Our annual “Year in Review” series sums up the most important intellectual property developments and news that unfolded over the past year in the Middle East, North Africa and their neighboring regions.

We are still waiting to see the effects of the political and civil uprisings in Tunisia, Egypt, Libya, Yemen and Syria on the IP protection framework of those countries. While the Libyan TMO began issuing trademark registration certificates after a wait of more than 37 years, nothing significant has unfolded in the remaining countries to date.

On the other hand, countries of the GCC have been relatively busy over the past few months with the introduction of the implementing regulations of the GCC unified trademark law. The regulations will be put into effect across all countries although there will be no unified/centralized filing system as is the case with the GCC patent law. Trademark applications will continue to be filed separately at the TMO of each GCC member state for protection, and the six different GCC countries will maintain their own trademark registers. Having said that, we are presuming at this stage that the official fees will not be unified over all six countries. Seeing that applications will be managed separately at each TMO, we would expect the official fees to vary depending on the individual overhead costs of the different TMOs involved.  Nevertheless, we have seen UAE, Kuwait, Bahrain and KSA over the past few months making considerable revisions in their official fees schedules.

An important development that has been under the spotlight over the past few months was the Iran Deal that is expected to have a significant impact on both the economy of the country and global markets. Not only will the energy sector be particularly affected, but it is also anticipated that the economic impact of a partial lifting of sanctions will perpetuate the energy sector into a wide range of industries including consumer products, food and beverage, apparel, pharmaceuticals, and tobacco, among others. Although the US and EU sanctions programs currently in place allow individuals and entities to perform IP-related transactions, with the lifting of sanctions in Iran, we expect many businesses to look into expanding their operations into the country with a growing need for establishing tailor-made local IP protection strategies.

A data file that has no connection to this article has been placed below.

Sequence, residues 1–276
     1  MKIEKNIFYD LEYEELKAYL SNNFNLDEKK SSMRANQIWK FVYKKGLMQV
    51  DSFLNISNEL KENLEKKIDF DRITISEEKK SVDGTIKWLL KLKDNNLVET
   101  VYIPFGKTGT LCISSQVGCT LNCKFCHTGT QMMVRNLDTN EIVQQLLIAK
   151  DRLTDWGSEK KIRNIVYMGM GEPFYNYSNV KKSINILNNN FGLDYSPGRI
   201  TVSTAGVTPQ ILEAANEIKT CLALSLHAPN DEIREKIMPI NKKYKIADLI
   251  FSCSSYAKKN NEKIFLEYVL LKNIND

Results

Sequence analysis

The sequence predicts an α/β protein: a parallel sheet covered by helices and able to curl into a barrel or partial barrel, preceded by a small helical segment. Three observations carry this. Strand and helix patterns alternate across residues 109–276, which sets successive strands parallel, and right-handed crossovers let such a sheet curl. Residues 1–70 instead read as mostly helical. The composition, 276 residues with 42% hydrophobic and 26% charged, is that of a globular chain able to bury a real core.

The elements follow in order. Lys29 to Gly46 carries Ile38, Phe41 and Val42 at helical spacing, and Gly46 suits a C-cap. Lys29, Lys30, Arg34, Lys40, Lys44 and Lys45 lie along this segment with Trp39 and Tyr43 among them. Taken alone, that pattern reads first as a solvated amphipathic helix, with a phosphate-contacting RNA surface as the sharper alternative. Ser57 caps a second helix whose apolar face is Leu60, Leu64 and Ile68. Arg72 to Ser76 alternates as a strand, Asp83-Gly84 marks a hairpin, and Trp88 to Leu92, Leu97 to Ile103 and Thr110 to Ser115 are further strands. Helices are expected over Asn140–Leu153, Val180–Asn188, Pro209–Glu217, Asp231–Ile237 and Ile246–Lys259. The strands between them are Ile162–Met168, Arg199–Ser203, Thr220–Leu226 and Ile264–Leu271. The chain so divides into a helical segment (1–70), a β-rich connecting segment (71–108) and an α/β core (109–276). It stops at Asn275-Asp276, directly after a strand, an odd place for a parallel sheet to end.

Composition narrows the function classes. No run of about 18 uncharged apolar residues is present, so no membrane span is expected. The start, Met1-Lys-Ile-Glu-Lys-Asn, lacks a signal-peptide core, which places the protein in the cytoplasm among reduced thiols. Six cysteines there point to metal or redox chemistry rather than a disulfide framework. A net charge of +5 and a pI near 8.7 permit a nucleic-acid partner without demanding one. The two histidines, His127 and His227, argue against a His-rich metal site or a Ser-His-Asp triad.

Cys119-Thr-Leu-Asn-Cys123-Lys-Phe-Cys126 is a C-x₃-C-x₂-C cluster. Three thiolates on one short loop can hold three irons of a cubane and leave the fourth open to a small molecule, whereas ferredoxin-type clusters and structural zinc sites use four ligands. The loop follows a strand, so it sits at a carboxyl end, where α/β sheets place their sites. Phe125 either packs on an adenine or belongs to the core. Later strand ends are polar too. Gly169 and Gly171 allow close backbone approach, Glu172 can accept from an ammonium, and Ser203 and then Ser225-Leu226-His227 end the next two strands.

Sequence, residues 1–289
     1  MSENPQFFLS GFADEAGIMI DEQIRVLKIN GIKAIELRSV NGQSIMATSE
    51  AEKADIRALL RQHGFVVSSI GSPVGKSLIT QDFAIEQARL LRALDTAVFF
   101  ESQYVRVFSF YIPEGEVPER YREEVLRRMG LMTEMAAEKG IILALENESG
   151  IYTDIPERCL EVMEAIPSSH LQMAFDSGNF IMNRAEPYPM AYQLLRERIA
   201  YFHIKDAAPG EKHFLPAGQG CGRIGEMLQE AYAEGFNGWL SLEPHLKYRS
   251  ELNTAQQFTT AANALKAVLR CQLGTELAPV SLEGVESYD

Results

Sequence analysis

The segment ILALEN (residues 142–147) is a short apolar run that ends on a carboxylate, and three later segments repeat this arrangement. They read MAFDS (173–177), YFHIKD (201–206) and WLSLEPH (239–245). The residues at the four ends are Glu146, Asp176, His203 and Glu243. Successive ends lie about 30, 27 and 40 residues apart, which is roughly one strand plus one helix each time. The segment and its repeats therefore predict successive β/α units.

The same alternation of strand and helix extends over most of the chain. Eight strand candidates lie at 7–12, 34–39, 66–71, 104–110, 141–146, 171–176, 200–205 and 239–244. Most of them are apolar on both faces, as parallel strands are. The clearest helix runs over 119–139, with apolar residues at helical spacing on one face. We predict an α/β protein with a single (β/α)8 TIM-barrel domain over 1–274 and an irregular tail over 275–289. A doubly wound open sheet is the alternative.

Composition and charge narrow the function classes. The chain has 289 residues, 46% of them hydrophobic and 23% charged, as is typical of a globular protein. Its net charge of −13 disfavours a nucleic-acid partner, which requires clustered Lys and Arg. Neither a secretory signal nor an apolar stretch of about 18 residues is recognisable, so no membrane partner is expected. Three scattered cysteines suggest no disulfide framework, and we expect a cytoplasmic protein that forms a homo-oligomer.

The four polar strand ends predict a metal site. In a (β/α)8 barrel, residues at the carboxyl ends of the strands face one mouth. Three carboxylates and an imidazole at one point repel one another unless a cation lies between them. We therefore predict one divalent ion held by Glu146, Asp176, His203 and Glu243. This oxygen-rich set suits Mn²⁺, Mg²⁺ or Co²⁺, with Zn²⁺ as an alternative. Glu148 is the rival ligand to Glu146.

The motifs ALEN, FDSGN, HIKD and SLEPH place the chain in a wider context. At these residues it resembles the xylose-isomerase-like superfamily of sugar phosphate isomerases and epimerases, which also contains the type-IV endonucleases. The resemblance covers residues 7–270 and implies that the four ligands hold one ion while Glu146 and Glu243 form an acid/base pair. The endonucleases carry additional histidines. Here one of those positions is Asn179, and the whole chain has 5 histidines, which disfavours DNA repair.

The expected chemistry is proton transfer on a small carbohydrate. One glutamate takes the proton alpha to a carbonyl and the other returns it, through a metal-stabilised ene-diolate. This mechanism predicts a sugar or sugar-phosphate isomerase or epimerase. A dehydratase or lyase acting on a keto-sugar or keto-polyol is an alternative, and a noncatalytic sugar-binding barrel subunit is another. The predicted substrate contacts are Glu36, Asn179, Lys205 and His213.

Other notable developments worth pointing out are outlined below:

  • Egypt: Taking the Fast Lane on the Patent Prosecution Highway Pilot Program with Japan: The Egyptian Patent Office and the Japanese Patent Office began a two-year Patent Prosecution Highway program on June 1, 2015. The program allows an application that has been determined to be patentable by the Japanese Patent Office to undergo an accelerated examination by the Egyptian Patent Office with a simple procedure upon the applicant’s request.
  • Lebanon: Updated POA Requirements: Lebanon declared a revision of the power of attorney authentication requirement on March 21, 2015 stating that all POA submissions after April 10, 2015 must be legalized by the Lebanese consulate.
  • Iran: Remember to Seal the Deal: The Iranian Intellectual Property Office announced that all translated documents, including power of attorney, must bear the seal of the Iranian consulate on every page or at least include a seal indicating number of pages with an official stamp of notary public and the seal of the Iranian consulate. This update applies to all pending and future applications filed at the IIPO.